He won’t allow it, but the person I’d like to talk to the most is Ezekiel Elliott. Because on some level we have all been there.
God knows I have. It’s that endlessly dark place where you balance regret, remorse and anger. It’s lonely. It’s miserable.
Because you know you have affected an array of innocent people, many of whom you love.
And whatever that moment is, it’s going to be there for the rest of your life. Don’t let it define you, or it can ruin a day. A week. A month. Years.
Mostly because it could all have been avoided if we just had not picked up the phone. If we had just said no. If we had walked out of the room. If we had just stopped to think.
If we had just stopped.
All of it could have been different. Easier. Happier. Instead this is where you are – furious.
At the NFL. At league commissioner Roger Goodell. At the media. At the girl who accused you of hitting her. At her friends. At your friends. At the lawyers.
At yourself. Because that’s where all of this all starts.
So be mad. Feel it. Own it. Mean what you own. Then get over it. Deal with it. Then stop before it happens again.
Don’t turn into some bitter recalcitrant who is angry at the world and finds “his safe place on a football field” cliche. Be better than that, because that will ruin you.
And know this is about to get worse before it gets better.
The only thing Zeke can really do is re-adjust his way of behavior today, or else he will experience a level of self-inflicted hell that will make his current status feel like a party in purgatory.
We are talking about the rest of his life.
Zeke has denied the allegations that he assaulted an ex-girlfriend, Tiffany Thompson, as many as three separate times. He plans to fight the NFL’s decision to suspend him for six games.
He can drag this out for the season, and play every game, which his team and fantasy football freaks prefer. What he can’t do is outrun why he is here. He can only run in a different direction the next time.
Debate the specifics, or even be mad about them, but there is a reason beyond just a paranoid NFL that Zeke found himself the subject of a lengthy investigation.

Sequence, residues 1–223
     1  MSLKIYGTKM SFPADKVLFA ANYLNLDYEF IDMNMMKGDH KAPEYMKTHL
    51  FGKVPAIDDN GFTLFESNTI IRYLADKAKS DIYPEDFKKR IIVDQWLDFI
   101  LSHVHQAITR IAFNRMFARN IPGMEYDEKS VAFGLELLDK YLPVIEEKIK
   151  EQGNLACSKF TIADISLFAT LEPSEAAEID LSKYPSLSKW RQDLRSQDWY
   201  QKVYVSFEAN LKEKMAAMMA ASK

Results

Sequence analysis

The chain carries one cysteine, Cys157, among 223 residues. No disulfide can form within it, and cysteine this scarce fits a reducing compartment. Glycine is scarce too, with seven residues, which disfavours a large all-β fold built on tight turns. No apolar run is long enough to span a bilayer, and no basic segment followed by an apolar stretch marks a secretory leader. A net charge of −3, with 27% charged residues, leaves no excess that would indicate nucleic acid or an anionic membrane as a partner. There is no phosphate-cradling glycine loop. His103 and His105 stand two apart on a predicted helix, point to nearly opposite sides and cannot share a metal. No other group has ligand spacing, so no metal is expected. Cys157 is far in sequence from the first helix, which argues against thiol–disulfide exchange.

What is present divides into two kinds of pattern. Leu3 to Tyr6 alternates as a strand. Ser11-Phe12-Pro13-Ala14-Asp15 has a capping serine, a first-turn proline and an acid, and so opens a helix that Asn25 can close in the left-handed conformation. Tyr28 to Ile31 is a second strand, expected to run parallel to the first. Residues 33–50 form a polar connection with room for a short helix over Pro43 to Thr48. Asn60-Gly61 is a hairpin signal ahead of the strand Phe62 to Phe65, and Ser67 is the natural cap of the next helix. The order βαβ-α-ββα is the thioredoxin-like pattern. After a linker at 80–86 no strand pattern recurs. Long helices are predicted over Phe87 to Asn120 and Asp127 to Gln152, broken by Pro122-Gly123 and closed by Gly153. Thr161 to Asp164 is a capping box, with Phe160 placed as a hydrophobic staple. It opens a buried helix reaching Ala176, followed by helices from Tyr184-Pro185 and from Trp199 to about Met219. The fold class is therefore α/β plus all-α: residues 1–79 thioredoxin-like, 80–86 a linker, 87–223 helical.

If what the NFL and its fleet of investigators believe to be true – that Zeke got into physical fights with an ex-girlfriend in Columbus, Ohio, that resulted in bruises – there is no defense. And six games is just, at least.
There is a tomorrow, but there is no defending that behavior.
The NFL said it has photographs, provided by the victim, that indicate physical harm, as well as a text messages that indicate a fight took place.
Per the NFL, Columbus prosecutors felt it didn’t have enough solid evidence to pursue a case against Zeke. It does not mean Zeke is innocent; it means lawyers felt they could not win.
Because they couldn’t. The facts and evidence surrounding this case that have been made public are confusing, many contradictory. That does not fly for a conviction, especially against a famous defendant with a high-priced lawyer.
What the evidence adds up to is an incomplete picture that says the accuser might have lied to punish an ex-boyfriend. Or that Zeke is full of it.
Or they both are lying. All of it is plausible.
The NFL and a prosecutor’s office have different standards. The league operates in a post-Ray Rice world, so it’s going to act with extreme prejudice when it comes to potential domestic violence cases that could humiliate the brand.
During the NFL’s conference call with its investigators I asked, just to clarify, if Zeke had been suspended for six games because he violated the league’s domestic violence policy or its personal conduct policy.
“The personal conduct policy has a number of potential violations, some of which require an enhanced level of punishment,” league special counsel for conduct, Todd Jones, said. “But I think that the findings make it clear that there were several incidents substantiated of physicality between Mr. Elliott and Ms. Thompson that serve as the foundation of the suspension.”
Translate that indirect answer how you want, but the bottom line is the NFL is taking no chances that Zeke assaulted a woman. The league is not going to be Ray Rice’d again.
The two Cowboys people I spoke with on Friday were enraged at the announcement, and they expect the team to fight this decision with the full weight of Jerry Jones behind it.
“Not the Zeke I know,” one player texted me.
They never are.
The Zeke we know is a goofy kid who loves football, fame, the attention of female fans, and to party.
We know the NFL is a private business that follows its one-sided collective bargaining agreement when it comes to levying suspensions from an autocratic ruler that are erratic, at best.
We know the NFL’s credibility when it comes to suspensions is suspect.
What we have not seen are the specifics as to why Zeke is suspended. We may never.
We also know that he got himself into some serious trouble and it has the potential to affect many people he never meant to harm.
And rather than preparing to play the 2017 NFL season under a cloudless sky, this specter he helped create resides over himself and his team.
On some level, we all have made a dumb decision or two or three with consequences that affect far more than ourselves. It’s an awful feeling.
It can ruin you.
The only way Zeke can improve is to own what he’s done and, next time, run the other way.